FDA Grants Psilocybin Second Breakthrough Therapy Designation for Resistant Depression

Megan Brooks

November 25, 2019

The US Food and Drug Administration (FDA) has granted the Usona Institute breakthrough therapy designation for psilocybin for the treatment of major depressive disorder (MDD).

This marks the second time the FDA has granted breakthrough designation for psilocybin, the psychoactive ingredient in "magic mushrooms."

In October 2018, Compass Pathways received the designation to test the safety and efficacy of psilocybin-assisted therapy for treatment-resistant depression, as reported by Medscape Medical News.

"The results from previous studies clearly demonstrate the remarkable potential for psilocybin as a treatment in MDD patients, which Usona is now seeking to confirm in its own clinical trials," Charles Raison, MD, Usona's director of clinical and translational research, said a news release.

The Usona Institute is a nonprofit medical research organization that conducts and supports preclinical and clinical research to further the understanding of the therapeutic effects of psilocybin and other consciousness-expanding medicines.

"What is truly groundbreaking is FDA's rightful acknowledgement that MDD, not just the much smaller treatment-resistant depression population, represents an unmet medical need and that the available data suggest that psilocybin may offer a substantial clinical improvement over existing therapies," said Raison.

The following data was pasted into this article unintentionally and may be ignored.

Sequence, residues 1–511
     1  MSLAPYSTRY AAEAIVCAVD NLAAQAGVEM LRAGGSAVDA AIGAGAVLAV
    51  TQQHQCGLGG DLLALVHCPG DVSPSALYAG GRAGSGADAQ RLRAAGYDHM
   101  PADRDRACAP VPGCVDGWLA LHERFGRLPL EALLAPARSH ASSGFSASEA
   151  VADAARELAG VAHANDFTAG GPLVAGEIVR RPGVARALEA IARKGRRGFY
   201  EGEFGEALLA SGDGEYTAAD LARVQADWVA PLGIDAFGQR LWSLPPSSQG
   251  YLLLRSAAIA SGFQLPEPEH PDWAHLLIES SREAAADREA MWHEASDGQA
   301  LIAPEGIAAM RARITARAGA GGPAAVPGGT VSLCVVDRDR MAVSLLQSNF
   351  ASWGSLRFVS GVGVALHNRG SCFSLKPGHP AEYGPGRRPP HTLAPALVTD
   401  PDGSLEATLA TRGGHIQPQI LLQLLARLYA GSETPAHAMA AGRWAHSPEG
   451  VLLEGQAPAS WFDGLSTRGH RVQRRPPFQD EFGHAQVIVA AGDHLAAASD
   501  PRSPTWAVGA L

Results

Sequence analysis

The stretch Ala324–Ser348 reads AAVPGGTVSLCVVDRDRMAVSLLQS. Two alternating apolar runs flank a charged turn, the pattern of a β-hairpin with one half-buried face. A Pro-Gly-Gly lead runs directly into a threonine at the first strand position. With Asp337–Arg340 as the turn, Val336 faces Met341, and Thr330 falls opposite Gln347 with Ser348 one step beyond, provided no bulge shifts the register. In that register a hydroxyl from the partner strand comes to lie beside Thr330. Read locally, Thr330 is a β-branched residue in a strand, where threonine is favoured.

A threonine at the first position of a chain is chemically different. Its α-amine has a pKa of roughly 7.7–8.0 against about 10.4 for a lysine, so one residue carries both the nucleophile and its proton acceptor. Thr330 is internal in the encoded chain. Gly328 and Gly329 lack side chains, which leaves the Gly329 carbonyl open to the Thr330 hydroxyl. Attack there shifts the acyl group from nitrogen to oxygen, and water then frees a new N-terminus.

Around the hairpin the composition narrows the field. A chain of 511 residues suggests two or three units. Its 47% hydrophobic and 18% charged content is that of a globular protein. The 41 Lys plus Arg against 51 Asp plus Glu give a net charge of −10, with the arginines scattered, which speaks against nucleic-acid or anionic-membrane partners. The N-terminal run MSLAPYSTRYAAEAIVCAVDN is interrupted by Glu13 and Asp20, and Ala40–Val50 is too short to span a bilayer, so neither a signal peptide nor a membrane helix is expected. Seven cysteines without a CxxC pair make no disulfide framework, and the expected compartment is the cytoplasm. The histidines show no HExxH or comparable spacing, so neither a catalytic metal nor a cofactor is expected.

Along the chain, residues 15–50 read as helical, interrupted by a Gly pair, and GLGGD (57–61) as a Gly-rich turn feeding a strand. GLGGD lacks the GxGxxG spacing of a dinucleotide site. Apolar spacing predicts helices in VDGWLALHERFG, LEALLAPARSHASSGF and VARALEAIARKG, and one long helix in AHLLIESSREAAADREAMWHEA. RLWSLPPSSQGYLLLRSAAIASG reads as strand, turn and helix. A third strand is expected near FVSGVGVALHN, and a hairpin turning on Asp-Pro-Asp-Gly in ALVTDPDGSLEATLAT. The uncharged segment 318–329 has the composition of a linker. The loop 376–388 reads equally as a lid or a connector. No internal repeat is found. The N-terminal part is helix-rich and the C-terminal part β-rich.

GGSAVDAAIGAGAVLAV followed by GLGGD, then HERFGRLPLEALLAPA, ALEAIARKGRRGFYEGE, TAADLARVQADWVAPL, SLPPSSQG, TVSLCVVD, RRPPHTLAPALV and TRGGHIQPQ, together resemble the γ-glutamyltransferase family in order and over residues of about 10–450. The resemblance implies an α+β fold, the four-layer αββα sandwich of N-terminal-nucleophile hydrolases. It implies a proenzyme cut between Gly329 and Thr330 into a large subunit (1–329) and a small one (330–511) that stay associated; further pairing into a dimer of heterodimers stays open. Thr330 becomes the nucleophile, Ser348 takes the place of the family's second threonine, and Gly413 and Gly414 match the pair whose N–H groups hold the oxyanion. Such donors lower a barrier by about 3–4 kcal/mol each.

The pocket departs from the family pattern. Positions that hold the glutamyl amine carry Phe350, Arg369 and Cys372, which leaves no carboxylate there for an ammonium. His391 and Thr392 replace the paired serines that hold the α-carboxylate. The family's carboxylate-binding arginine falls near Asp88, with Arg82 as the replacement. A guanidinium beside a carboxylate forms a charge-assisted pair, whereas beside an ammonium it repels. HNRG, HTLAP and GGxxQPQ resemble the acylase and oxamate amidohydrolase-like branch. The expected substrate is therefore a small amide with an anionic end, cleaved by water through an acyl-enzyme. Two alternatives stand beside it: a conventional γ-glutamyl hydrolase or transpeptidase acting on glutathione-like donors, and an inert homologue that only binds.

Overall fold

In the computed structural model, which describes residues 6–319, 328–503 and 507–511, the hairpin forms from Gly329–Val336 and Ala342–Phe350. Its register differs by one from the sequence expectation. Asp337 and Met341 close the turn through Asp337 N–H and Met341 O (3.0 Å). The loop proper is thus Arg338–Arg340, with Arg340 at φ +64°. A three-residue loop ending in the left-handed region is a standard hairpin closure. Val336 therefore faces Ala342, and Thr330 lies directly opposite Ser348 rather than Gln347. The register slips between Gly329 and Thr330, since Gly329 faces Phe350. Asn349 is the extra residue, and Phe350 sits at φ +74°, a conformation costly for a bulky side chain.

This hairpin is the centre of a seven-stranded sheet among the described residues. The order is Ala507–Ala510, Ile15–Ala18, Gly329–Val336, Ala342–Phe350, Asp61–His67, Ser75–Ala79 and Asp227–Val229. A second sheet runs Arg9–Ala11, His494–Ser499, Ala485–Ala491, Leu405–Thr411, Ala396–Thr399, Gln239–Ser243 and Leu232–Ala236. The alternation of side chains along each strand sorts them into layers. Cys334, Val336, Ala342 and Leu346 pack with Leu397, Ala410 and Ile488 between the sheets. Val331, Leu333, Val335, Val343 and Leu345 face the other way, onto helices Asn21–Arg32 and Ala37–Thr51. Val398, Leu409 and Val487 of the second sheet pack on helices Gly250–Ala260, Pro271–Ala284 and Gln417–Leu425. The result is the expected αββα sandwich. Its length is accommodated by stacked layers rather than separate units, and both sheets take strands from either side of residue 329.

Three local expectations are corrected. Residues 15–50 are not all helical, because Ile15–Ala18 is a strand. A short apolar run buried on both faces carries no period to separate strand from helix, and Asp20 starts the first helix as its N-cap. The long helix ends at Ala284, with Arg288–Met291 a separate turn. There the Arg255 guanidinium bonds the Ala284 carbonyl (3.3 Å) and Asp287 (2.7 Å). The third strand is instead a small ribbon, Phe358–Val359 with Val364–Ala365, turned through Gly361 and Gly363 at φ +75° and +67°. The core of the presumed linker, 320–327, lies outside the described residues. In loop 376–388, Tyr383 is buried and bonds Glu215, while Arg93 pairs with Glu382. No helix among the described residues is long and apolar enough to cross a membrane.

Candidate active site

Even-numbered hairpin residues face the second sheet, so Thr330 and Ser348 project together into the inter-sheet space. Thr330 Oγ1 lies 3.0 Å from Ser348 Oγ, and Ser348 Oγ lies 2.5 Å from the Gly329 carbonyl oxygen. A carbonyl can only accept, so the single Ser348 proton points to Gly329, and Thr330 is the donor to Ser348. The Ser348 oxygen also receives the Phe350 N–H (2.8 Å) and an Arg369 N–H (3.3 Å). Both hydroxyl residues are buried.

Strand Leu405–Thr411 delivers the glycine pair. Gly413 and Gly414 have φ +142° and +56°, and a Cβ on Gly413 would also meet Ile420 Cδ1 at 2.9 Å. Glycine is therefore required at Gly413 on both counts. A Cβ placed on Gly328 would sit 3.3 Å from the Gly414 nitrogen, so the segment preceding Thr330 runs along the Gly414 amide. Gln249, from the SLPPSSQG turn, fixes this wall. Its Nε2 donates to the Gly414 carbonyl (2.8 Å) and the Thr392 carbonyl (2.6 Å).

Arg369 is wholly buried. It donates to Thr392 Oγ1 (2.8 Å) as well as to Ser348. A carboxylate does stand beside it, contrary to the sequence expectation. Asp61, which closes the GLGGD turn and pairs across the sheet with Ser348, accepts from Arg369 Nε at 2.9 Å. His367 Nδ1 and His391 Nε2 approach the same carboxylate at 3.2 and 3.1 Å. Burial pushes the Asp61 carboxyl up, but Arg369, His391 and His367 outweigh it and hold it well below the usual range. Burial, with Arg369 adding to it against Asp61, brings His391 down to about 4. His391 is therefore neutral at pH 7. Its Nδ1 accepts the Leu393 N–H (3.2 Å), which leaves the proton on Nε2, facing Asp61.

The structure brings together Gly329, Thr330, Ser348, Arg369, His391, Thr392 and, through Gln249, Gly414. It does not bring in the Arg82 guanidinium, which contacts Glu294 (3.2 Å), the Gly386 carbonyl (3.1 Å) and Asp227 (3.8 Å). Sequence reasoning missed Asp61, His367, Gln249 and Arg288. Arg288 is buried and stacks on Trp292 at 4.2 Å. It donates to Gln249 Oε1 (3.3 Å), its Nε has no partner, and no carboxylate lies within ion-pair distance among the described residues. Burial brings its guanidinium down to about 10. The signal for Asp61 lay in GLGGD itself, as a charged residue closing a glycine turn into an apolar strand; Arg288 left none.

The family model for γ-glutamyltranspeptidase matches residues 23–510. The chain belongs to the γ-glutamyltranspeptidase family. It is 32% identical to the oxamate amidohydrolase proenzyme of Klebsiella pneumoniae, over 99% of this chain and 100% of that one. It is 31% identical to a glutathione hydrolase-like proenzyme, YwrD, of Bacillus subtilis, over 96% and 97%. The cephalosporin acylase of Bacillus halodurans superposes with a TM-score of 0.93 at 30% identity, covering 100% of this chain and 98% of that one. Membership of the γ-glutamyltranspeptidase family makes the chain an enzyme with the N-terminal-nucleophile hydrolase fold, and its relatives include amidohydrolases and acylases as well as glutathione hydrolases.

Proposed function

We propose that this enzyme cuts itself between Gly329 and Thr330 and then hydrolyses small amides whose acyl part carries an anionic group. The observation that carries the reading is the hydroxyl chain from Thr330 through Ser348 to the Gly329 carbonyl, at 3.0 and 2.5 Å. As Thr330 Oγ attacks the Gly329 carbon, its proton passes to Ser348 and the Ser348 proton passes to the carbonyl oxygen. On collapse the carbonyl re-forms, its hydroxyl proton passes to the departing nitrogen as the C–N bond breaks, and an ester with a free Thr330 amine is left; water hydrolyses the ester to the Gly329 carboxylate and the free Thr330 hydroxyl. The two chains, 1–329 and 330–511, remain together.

More than 17 million people in the United States suffer from MDD. Through the breakthrough therapy designation, psilocybin is recognized as possibly offering a clinically significant improvement over existing therapies.

The new status follows the recent launch of Usona's phase 2 clinical trial (PSIL201), which will recruit roughly 80 patients at seven study sites around the United States. The study will assess the safety and efficacy of a single dose of psilocybin in comparison with placebo in patients aged 21 to 65 years who have MDD.

Two of the study sites are currently recruiting patients; the others are expected to be active by the first quarter of 2020. Usona estimates that the trial will be completed by early 2021.

More information on the trial is available online.

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